I turned 18 the week Timothy McVeigh and Terry Nichols planted McVeigh’s getaway car near the Alfred P. Murrah Federal Building and commenced to building a weapon of mass destruction out of a Ryder Truck like the one pictured above. I’ve never forgotten that Wednesday morning. Maybe it’s the indelible image of that smoky brown bite mark, or the realization that the war scene from downtown Oklahoma City was on the news, not in a movie. Why study this trial? I couldn’t see the blast from Dallas, but even at 18 I felt it. America changed.
Listen: We begin the way the Government began their case: with the stories of the survivors. Mike Shannon’s story appears next on the show, though he didn’t actually testify until much later in the trial. The same with the detailed analysis of the type of weapon used. From there, we follow an axle from the crime scene to Elliott’s Body Shop. The Script for the show, including some pictures introduced at the trial follow.1Like all trial lawyers, I steal good phrases from other trial lawyers. The title of this episode comes from McVeigh Prosecutor Larry Mackey who declared in closing arguments, “The hands of time fell to rest that morning at 9:02 A.M.” All quoted statements in the script came directly from the testimony of the witness. Read More
Listen: After Investigators tie the name Robert D. Kling from a rental agreement for a Ryder Truck, the nationwide manhunt descends upon the Noble County, Oklahoma Jail, and a man arrested in a Mercury Marquis for failing to display a proper license plate. The world learned his name for the first time: Timothy James McVeigh. Who was he? Where did he come from? What does he stand for? Continue reading to find out, including a few pictures introduced at the trial. Read More
Listen: On this episode, we’ll meet a witness who claimed McVeigh showed her how he was going to build the bomb using Campbell Soup cans, how he planned on funding the mission, and what McVeigh was hiding in some Christmas packages. The script for the show, including some of the trial exhibits follow.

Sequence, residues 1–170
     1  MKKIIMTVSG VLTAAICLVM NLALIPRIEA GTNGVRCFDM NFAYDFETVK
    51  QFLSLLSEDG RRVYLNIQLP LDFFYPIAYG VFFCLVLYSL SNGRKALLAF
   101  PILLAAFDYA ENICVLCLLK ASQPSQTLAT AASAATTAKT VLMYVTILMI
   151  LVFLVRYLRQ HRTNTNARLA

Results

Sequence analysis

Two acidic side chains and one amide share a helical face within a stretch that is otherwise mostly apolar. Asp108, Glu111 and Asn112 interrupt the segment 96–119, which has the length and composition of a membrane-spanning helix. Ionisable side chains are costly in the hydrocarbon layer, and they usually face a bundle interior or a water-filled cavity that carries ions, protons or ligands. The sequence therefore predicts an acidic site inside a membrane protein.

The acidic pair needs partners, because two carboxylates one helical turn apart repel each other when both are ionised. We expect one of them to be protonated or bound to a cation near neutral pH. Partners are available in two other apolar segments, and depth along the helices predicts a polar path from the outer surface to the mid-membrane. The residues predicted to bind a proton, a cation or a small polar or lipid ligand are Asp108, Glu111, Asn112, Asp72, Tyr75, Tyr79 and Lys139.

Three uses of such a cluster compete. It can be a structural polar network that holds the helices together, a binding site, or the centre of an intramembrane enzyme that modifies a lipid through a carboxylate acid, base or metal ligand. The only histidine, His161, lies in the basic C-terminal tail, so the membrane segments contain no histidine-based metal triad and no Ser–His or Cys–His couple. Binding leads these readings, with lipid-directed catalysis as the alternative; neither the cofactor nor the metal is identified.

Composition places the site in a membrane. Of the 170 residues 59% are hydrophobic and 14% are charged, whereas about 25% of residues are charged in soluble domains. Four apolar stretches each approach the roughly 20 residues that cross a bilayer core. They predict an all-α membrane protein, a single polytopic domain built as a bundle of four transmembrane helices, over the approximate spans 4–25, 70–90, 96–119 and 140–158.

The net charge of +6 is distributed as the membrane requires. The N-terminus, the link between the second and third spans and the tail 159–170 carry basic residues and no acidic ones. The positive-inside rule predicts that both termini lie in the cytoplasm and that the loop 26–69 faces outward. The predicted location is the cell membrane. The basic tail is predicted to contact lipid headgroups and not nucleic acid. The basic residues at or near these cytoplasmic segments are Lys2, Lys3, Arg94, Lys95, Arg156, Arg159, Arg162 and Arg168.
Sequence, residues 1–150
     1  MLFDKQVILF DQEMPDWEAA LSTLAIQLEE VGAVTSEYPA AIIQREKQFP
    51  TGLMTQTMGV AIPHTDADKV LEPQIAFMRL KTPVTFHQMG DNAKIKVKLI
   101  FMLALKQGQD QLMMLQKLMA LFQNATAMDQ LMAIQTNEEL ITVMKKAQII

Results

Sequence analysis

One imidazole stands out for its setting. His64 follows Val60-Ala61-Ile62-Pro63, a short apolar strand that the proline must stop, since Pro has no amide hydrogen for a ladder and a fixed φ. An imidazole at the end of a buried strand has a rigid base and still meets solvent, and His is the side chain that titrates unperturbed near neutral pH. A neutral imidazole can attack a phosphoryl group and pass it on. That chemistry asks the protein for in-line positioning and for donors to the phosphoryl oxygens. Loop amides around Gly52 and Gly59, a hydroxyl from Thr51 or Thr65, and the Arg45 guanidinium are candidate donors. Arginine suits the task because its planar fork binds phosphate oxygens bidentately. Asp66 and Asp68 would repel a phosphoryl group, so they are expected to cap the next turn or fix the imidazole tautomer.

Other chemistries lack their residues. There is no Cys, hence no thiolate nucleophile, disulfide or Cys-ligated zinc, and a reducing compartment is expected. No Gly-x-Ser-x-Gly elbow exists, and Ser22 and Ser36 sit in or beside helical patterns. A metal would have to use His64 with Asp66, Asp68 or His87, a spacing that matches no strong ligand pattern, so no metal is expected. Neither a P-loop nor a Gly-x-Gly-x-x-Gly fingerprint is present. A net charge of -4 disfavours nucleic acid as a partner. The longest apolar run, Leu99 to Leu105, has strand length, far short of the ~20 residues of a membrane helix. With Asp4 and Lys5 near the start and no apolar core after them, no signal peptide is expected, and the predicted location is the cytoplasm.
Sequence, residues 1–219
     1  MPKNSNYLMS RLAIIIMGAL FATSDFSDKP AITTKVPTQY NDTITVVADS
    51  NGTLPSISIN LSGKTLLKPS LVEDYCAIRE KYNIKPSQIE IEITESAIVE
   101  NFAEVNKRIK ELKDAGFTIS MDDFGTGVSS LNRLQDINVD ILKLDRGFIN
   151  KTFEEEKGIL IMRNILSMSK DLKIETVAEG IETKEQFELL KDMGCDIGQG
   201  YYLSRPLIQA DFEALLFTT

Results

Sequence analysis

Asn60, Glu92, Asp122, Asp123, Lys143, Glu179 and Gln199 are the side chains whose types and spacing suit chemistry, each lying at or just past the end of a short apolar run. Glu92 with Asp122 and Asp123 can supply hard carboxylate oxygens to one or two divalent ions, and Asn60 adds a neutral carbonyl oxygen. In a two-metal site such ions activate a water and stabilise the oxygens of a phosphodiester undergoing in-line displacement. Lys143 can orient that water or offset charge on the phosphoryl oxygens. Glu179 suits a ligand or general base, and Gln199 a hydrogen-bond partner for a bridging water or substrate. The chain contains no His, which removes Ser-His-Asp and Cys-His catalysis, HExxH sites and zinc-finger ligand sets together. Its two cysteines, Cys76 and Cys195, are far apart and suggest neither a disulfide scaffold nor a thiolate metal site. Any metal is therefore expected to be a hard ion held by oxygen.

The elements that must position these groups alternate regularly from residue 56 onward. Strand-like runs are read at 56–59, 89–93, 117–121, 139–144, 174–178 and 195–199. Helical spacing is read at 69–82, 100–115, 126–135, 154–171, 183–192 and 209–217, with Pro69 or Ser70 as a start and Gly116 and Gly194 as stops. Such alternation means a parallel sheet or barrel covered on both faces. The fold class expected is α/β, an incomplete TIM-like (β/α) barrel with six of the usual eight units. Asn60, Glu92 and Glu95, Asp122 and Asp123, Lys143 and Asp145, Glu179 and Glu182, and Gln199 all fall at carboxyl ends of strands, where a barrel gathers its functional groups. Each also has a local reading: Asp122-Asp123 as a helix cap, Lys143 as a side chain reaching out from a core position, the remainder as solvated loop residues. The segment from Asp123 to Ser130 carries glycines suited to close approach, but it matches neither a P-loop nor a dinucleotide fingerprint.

Listen: Jurors hear about some very peculiar fertilizer sales, a burglary at a rock quarry, and about a treasure trove of evidence investigators found in Herrington. They also hear a letter McVeigh allegedly wrote in which he signed off by saying, “send no more letters after April 1st.” The Script to the show and some of the trial pictures follow. Read More
Listen: Jurors learn how 1 little card connected raceways, hobby shops and chemical companies. The Prosecution calls one of McVeigh’s Accomplices, a man who compared himself to Kato Kaelin in the trial styled The People of California vs. O.J. Simpson, and boasted that he had “quite a tale to tell.” The Script and some of the trial exhibits follow. Read More
Listen: The Defense uncovers a mystery for jurors about the case that remains unsolved to this day. They attack the integrity of the FBI Lab, and show jurors how one major finding on the only piece of physical evidence from the Ryder Truck with chemical residue can’t be verified. Find out why on this, the final episode of our case study on Timothy McVeigh’s trial. The Script to the Show and some of the trial pictures follow. Read More